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Banks, Climate Change, and Credit; A New Perspective

New commentary from DBRS Morningstar highlights how the company looks at banks’ management of climate-related risks, in particular, from a credit perspective. 

According to DBRS, banks are exposed to a number of environmental risk factors and the impact of these risk factors on banks’ credit ratings has been very limited to date for banks rated by DBRS. Nevertheless, climate-related risk factors have the potential to be a negative impact on banks’ credit ratings over time and should be preemptively mitigated. 

But even today, large banks are typically balancing a number of different objectives to assess climate-related risks and opportunities. In addition, they generally continue to support clients that are seen to have sufficient plans to transition to net zero emissions now or in the future. 

In terms of banks’ credit ratings, DBRS assesses overall climate-related risks, and how banks are incorporating this evolving risk into their risk management framework. For example, whether banks are developing stress testing tools is an indication of their appetite to adjust as appropriate, and this can be more challenging for smaller and medium sized banks. 

Many other initiatives have been reinforcing and complementing preexisting framework. The Net Zero Banking Alliance (NZBA) framework, for example, allows for a comparison between peers based on targets that are comparable. Once banks commit to the NZBA, they are required to publish interim targets within 18 months, starting from 2030 (or sooner) with intermediary targets to be set every five years. The NZBA covers 41% of assets financed by banks worldwide.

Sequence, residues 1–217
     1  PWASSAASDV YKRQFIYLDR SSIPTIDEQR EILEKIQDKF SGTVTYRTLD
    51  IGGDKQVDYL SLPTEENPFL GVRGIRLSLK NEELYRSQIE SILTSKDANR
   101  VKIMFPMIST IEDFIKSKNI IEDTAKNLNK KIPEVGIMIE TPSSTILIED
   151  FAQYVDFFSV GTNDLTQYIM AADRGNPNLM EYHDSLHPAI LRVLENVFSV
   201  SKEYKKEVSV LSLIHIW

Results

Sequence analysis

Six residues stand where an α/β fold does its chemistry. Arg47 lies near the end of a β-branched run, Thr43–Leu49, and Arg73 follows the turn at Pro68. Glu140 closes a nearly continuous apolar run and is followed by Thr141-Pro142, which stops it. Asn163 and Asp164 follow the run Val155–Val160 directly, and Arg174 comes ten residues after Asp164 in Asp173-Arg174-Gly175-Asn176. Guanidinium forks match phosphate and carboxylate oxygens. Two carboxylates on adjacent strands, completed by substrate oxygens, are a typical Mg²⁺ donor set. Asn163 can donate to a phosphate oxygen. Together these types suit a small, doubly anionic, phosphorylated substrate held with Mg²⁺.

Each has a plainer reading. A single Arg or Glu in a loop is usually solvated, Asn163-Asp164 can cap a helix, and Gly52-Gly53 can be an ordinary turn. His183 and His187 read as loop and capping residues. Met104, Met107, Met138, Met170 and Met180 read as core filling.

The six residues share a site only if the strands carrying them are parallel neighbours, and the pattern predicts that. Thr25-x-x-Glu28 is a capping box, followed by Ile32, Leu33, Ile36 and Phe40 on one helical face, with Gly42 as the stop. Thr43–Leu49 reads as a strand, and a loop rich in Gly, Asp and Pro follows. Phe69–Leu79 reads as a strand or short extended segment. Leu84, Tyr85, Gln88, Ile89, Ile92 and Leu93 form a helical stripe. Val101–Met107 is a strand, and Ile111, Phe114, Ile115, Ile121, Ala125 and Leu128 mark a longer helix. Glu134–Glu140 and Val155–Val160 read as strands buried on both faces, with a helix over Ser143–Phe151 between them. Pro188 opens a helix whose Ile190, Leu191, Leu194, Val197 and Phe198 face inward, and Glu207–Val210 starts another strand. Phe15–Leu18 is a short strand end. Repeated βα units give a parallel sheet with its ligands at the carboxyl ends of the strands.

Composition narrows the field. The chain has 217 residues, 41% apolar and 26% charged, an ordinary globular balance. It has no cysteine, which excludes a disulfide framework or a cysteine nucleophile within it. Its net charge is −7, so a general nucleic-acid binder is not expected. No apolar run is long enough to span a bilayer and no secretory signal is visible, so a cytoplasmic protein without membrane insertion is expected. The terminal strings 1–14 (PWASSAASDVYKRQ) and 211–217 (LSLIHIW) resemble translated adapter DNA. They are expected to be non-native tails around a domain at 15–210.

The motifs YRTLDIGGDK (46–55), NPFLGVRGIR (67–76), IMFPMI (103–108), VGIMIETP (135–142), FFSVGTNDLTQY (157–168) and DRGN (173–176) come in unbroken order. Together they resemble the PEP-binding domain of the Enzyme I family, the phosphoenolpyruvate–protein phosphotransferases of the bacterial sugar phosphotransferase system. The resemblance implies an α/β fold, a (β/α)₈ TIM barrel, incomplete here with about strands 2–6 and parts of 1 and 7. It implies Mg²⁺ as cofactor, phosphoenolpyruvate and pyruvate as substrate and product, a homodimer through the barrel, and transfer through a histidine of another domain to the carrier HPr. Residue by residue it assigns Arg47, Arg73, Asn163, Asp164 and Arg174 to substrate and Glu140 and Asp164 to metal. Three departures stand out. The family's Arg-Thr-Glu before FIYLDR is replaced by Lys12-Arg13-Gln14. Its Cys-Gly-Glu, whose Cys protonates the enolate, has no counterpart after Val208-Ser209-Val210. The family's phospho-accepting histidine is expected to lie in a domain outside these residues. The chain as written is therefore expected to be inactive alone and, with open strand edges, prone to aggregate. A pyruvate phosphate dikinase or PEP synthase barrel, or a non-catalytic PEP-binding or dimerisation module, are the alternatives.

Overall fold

Monitoring climate-related risks is a quickly evolving field of expertise. Any progress communicated by the banking regulators is important. The first rounds of climate-related stress-tests were presented as learning exercises, and there were no implications in DBRS's credit assessments. 

“As a credit rating agency our core focus is on assessing the credit risk,” said Vitaline Yeterian, Senior Vice President, European Financial Institutions at DBRS Morningstar. “To date, the impact of climate-related risk factors on banks’ credit ratings has been marginal for banks we rate. However, looking ahead, climate-related risks are likely to remain a priority for banks given regulatory pressures.” 

Click here to see the PDF published on this topic by DBRS Morningstar. 

About Author: Kyle G. Horst

Kyle G. Horst is a reporter for DS News and MReport. A graduate of the University of Texas at Tyler, he has worked for a number of daily, weekly, and monthly publications in South Dakota and Texas. With more than 10 years of experience in community journalism, he has won a number of state, national, and international awards for his writing and photography including best newspaper design by the Associated Press Managing Editors Group and the international iPhone photographer of the year by the iPhone Photography Awards. He most recently worked as editor of Community Impact Newspaper covering a number of Dallas-Ft. Worth communities on a hyperlocal level. Contact Kyle G. at [email protected].

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